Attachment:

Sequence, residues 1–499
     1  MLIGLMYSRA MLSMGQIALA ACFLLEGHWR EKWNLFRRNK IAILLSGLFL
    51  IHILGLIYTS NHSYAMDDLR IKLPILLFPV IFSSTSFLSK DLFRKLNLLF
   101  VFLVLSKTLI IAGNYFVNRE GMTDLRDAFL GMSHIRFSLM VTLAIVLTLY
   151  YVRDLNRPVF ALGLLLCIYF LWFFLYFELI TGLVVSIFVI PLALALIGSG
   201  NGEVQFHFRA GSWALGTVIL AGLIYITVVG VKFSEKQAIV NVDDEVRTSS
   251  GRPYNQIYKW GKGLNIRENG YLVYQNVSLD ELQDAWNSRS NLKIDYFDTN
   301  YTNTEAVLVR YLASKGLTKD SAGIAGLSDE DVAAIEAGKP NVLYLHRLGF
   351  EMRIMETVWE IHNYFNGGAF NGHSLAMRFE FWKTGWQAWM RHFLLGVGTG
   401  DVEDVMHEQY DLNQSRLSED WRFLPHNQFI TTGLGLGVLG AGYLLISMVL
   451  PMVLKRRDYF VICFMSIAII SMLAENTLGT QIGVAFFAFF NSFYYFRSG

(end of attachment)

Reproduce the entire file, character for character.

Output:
Sequence, residues 1–499
     1  MLIGLMYSRA MLSMGQIALA ACFLLEGHWR EKWNLFRRNK IAILLSGLFL
    51  IHILGLIYTS NHSYAMDDLR IKLPILLFPV IFSSTSFLSK DLFRKLNLLF
   101  VFLVLSKTLI IAGNYFVNRE GMTDLRDAFL GMSHIRFSLM VTLAIVLTLY
   151  YVRDLNRPVF ALGLLLCIYF LWFFLYFELI TGLVVSIFVI PLALALIGSG
   201  NGEVQFHFRA GSWALGTVIL AGLIYITVVG VKFSEKQAIV NVDDEVRTSS
   251  GRPYNQIYKW GKGLNIRENG YLVYQNVSLD ELQDAWNSRS NLKIDYFDTN
   301  YTNTEAVLVR YLASKGLTKD SAGIAGLSDE DVAAIEAGKP NVLYLHRLGF
   351  EMRIMETVWE IHNYFNGGAF NGHSLAMRFE FWKTGWQAWM RHFLLGVGTG
   401  DVEDVMHEQY DLNQSRLSED WRFLPHNQFI TTGLGLGVLG AGYLLISMVL
   451  PMVLKRRDYF VICFMSIAII SMLAENTLGT QIGVAFFAFF NSFYYFRSG